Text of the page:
Phragmites australis

Also known as: Common reed
Pest group: Plants
Pest type: Grasses

A tufted grass less than 4m tall with brown-purple, drooping flowers. Phragmites clogs waterways and displaces native vegetation.


  • An erect, tufted, rhizomatous perennial grass, less than 4m tall.
  • Stems are rigid and bamboo-like, leaves are long, wide, flat, less than 60cm long, alternate, rigid and tapering to a point.
  • Flowers are brown-purple, feathery and drooping, and less than 50cm long.
  • Seeds are covered in silky hairs, dispersed by wind and water.
  • Vegetative spread from rhizomes and stem fragments.
  • Human-mediated dispersal through deliberate plantings and movement of contaminated soil and machinery.
  • Habitats include freshwater and brackish waterbody margins, coastal areas, and wetlands.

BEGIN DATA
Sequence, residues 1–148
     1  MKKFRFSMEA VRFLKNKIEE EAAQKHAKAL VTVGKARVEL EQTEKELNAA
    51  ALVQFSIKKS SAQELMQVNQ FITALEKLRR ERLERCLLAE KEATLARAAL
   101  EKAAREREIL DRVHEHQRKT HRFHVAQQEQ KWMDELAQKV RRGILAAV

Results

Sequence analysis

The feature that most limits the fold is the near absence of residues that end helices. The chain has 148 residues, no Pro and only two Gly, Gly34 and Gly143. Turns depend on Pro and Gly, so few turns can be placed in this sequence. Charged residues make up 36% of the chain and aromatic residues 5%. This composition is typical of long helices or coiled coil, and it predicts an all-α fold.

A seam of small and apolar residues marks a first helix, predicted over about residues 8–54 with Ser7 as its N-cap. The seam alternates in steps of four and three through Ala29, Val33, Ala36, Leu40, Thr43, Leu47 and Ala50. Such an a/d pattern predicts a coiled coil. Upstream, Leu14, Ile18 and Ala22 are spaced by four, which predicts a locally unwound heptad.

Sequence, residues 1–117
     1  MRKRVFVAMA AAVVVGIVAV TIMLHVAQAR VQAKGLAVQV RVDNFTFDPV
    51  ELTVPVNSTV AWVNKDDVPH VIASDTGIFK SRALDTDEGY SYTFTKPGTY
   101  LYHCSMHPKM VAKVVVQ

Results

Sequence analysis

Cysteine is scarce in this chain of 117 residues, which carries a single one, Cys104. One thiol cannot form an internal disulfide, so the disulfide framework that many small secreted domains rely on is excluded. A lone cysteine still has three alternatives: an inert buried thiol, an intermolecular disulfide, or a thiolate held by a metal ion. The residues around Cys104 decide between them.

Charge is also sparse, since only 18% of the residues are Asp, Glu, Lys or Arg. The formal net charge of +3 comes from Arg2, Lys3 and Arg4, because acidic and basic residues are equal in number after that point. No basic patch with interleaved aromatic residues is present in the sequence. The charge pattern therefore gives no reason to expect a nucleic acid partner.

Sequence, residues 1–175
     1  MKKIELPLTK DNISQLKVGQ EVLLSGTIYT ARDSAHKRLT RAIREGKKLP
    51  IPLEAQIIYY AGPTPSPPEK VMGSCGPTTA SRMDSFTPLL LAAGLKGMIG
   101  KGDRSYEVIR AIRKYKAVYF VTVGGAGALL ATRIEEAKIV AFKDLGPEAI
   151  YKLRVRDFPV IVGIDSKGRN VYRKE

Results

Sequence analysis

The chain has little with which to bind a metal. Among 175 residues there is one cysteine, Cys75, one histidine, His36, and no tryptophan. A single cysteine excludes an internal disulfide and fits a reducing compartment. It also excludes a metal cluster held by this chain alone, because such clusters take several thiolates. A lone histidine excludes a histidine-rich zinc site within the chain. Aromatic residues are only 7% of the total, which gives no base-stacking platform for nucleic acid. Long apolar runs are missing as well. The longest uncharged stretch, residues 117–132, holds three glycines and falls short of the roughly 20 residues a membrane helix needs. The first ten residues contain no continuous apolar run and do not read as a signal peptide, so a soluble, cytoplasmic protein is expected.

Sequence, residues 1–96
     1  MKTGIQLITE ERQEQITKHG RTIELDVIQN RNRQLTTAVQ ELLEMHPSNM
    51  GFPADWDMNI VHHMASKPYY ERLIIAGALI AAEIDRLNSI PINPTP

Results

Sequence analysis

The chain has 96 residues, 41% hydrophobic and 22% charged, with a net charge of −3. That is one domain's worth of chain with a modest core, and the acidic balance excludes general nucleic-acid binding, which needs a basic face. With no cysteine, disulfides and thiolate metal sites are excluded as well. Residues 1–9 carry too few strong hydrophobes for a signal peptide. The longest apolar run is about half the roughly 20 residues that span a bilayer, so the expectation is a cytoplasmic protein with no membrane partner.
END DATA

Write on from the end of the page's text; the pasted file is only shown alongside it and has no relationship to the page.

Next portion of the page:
What you need to know

Forms dense infestations, displacing native vegetation. Clogs waterways and impedes recreational activities.

Management approach

This is a declared pest managed under the Canterbury Regional Management Plan 2018 – 2038 (PDF file, 10.6MB) within the eradication programme.


Pests in the eradication programme are present in low numbers or have limited distribution within Waitaha/Canterbury and eradication is feasible.

The community should make us aware of any phragmites plants in Waitaha/Canterbury. We will work with affected landowners to undertake control of phragmites.

Phragmites is in the National Interest Pest Responses programme (NIPR) administered by MPI. See the MPI website for more information on NIPR.


Any species declared a pest cannot be sold or be in a place where plants are being sold. Pest plants cannot be propagated, bred, multiplied, communicated, released, caused to be released, or otherwise spread.


Do not attempt to undertake control of phragmites yourself. Report any sightings to us.